But when a candidate says something that seems to amplify the main argument against them, then it’s gold for the opposition.
Consider the Romney gaffes that have so far been immortalized in the campaign: “Corporations are people,” “I like being able to fire people,” or “I’m not concerned about the very poor.” All those remarks had a different – and more sympathetic – meaning in context, too. But in isolation, they played right into the Democrats' portrayal of Romney as being a heartless, out-of-touch capitalist who’s on the side of the rich, not average Americans.
Most of the time, Obama carefully balances his arguments about tax fairness and the role of government with other references to the importance of individualism. His stump speeches are typically peppered with lines like “we’re not a country that believes in handouts, we believe in working for what we get,” and “we believe in individual initiative and self-reliance.” Last week, in Iowa, he said: “We love folks getting rich. I hope Malia and Sasha go out there and if that’s what they want to do, that’s great."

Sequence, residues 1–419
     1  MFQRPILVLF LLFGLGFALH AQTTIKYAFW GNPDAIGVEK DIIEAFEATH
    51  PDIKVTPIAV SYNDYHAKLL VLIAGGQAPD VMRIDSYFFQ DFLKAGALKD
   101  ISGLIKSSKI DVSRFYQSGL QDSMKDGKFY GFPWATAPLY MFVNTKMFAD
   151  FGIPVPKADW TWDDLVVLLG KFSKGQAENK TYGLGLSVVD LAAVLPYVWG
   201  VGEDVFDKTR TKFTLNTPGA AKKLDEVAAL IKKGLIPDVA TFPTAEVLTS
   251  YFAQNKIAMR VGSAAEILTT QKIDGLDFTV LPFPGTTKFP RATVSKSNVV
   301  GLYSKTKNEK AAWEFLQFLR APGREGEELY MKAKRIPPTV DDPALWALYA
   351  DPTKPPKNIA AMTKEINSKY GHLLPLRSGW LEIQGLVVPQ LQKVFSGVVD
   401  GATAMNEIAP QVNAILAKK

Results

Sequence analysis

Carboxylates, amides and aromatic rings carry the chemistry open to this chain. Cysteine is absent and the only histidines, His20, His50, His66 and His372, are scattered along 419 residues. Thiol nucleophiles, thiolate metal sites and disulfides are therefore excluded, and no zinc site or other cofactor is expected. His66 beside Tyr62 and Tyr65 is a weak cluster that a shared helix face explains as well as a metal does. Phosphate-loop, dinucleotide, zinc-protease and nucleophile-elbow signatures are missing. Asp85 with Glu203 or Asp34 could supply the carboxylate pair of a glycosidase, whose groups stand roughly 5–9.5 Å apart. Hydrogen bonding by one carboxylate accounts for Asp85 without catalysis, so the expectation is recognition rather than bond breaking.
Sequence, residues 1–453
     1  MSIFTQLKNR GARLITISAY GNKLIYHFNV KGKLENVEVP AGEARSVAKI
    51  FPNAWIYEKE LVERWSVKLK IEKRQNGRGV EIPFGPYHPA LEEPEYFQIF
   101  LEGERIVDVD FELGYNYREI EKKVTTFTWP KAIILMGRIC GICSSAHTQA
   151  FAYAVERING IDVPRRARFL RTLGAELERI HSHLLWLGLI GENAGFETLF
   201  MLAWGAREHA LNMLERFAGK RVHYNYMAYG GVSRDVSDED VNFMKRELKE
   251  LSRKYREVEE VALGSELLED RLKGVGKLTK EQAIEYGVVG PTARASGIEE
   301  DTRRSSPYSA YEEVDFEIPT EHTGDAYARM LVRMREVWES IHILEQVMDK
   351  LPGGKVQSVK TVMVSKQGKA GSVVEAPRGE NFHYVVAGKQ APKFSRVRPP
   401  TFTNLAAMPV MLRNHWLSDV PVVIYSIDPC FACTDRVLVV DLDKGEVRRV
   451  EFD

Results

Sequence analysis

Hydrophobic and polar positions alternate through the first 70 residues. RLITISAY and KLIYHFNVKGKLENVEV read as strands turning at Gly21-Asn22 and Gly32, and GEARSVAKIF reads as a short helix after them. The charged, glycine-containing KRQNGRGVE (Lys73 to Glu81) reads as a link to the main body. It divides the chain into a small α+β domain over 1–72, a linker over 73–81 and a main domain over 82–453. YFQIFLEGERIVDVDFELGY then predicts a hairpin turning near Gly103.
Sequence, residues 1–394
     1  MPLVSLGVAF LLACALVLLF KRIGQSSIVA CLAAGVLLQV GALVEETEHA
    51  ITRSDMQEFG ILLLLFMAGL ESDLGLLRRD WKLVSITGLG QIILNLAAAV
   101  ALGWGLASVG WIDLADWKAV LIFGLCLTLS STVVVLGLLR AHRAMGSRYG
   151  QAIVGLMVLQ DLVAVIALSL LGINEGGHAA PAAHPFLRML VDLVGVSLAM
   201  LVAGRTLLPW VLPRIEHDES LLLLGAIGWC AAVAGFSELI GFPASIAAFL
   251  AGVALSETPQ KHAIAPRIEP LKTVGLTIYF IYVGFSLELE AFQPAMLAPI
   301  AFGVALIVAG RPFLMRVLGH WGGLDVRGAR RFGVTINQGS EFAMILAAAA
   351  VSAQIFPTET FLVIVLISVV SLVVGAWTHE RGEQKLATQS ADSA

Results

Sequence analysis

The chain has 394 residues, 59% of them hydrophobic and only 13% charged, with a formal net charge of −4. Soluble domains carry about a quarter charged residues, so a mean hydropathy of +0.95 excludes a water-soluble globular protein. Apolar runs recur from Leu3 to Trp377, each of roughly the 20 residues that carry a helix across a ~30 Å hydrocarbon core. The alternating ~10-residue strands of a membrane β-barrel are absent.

But with the “you didn’t build that” line, Obama inadvertently helped feed his opponent's narrative that his real faith lies in the power of government, not private enterprise. And it gave Romney a chance to get back on offense.
A bipartisan group calling itself the “Fix the Debt Campaign” kicked off its work Tuesday, and when these clear-eyed, pragmatic, bipartisan powers combine, they just might be the granddaddy of all Washington’s seemingly never-ending stream of commissions, working groups, and “gangs” of all membership levels aimed at correcting the nation’s treacherous financial trajectory.
But that name just doesn’t have the right swing – how about The Debt Avengers? The (Fiscal) Justice League? Or, if it wasn’t already sullied by congressional impotence, The Supercommittee?